Sunday, February 28, 2010

Winner of Hyacinth Giveaway!

Is Felicia of Montreal, Canada ~ please email me at with your address so I can send this bottle off to you.

Thank you to everyone who entered. If anyone is interested in purchasing small bottles of this hyacinth evulsion, please refer to The Scented Djinn Etsy Apothecary.

Friday, February 26, 2010


Today I will be putting rosemary in the ultrasonic to make a big batch of rosemary evulsion. In 2008, I planted rosemary at the farm and this year it's just gotten crazy huge. So, though it may be off season for harvesting, I'm tipping the rosemary (taking the new green ends), and cutting a few of the older, branchier parts, now. While I am able to. The next few days' posts will be comprised of that endeavor. At some point I'd like to distill some of this rosemary, but I haven't reached that point yet :)

Tuesday, February 23, 2010

Ye Olde Evulsion Maker

This is an ultrasonic. An ultrasonic is an invaluable tool in a Natural Botanical Perfumers' arsenal of nifty thingamabobs.

This is a relatively small ultrasonic, about a 2L capacity. For home use, you can get big ones -- 7 gallons, 10 gallons, way bigger than you need. For me, though, this little baby does just fine. It has provided me immeasurable hours of aromatic bliss. And just so you know, not only do my children tell everyone that my perfume studio is a meth lab, they also tell them that my ultrasonic is a vibrator, so . . .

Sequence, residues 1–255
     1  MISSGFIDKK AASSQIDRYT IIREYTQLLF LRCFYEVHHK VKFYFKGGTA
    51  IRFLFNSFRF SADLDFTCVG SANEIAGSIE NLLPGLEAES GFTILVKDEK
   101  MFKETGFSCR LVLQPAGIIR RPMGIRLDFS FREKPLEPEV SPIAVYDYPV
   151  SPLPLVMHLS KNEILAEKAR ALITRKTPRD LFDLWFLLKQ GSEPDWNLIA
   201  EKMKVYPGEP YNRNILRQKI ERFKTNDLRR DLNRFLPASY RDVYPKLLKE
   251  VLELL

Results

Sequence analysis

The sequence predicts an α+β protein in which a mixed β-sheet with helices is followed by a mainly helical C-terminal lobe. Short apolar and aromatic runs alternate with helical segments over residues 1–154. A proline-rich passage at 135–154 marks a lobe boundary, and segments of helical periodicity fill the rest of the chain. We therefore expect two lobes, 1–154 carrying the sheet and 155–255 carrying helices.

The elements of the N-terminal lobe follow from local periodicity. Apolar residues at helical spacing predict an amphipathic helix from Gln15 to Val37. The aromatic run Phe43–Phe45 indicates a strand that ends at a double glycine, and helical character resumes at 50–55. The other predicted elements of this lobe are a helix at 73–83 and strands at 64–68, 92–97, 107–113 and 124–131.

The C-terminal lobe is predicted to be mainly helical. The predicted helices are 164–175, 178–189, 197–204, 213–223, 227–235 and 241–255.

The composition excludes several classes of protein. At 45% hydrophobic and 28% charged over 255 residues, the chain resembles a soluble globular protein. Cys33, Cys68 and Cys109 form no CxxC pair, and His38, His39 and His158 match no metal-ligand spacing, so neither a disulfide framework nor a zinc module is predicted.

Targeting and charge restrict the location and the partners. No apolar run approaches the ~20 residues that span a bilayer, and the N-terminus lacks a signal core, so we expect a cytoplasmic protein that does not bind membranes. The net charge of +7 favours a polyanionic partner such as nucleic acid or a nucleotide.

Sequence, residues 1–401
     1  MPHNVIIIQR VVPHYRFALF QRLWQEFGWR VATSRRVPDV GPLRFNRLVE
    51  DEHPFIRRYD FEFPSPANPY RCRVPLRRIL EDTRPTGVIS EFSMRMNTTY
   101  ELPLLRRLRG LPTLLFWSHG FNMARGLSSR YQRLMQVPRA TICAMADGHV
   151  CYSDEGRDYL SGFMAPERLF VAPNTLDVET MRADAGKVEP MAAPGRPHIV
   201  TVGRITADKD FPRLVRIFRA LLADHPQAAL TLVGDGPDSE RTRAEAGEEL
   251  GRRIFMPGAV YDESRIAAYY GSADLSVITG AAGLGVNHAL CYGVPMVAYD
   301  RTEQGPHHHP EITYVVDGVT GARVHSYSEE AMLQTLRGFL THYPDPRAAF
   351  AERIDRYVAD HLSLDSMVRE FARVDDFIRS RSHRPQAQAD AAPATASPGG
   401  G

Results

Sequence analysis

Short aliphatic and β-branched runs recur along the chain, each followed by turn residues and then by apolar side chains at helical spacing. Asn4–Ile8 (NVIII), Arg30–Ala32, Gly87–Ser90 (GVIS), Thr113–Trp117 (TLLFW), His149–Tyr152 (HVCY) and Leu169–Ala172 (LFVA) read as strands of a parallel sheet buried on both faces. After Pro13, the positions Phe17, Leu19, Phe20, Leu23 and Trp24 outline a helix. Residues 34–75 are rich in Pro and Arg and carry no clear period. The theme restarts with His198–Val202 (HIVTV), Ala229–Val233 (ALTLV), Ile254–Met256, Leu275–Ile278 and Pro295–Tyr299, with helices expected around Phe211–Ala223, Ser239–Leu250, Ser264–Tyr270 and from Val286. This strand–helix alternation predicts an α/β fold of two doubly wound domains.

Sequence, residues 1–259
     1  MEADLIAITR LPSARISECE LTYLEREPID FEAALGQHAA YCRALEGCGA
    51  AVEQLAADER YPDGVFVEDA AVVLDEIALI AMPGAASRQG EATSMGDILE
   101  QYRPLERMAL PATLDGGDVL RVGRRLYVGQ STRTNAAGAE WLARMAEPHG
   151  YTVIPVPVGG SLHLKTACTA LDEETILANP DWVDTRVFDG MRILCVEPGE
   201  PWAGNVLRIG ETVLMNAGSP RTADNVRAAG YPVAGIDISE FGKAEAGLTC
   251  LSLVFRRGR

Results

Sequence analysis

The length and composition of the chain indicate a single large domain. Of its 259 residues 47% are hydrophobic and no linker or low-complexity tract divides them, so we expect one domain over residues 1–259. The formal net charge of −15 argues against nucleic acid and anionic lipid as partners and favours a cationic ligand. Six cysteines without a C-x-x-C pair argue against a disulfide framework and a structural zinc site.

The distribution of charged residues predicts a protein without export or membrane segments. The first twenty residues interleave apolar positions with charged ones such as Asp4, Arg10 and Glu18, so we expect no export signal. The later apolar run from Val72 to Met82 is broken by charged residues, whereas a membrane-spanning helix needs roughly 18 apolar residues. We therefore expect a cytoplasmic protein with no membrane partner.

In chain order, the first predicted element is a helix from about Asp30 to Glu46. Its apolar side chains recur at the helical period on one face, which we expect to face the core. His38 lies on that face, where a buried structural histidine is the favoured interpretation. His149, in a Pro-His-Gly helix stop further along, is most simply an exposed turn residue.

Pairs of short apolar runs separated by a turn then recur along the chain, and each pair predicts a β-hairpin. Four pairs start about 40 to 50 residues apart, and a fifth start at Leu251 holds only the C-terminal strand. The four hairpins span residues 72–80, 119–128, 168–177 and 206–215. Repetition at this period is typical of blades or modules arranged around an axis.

How does one use an ultrasonic in perfumery manufacture? It's easy, really. Ridiculously easy considering the end result.

A Primer in Evulsions ~

In Steffen Arctander’s textbook “Perfume and Flavor Materials of Natural Origin”, he writes:

"A tincture is a prepared perfumery material, flavor material or pharmaceutical product. Tinctures can be considered alcoholic extracts of natural raw materials; the solvent is left in the extract as a diluent. Consequently, tinctures are not exposed to heat during preparation. There is no general rule governing the strength of perfumery or flavor tinctures."

Of ultrasonic extraction, he writes:

"Ultrasonic extracts are prepared flavor materials, or in a few cases, perfume materials. Several methods of extracting natural raw materials with the aid of supersonic sound vibrations have been described in scientific literature, and many extractors have been patented. A few European flavor and perfume material suppliers specialize in such extracts, e.g. Camilli, Albert et Laloue in Grasse, France. It is claimed that this method: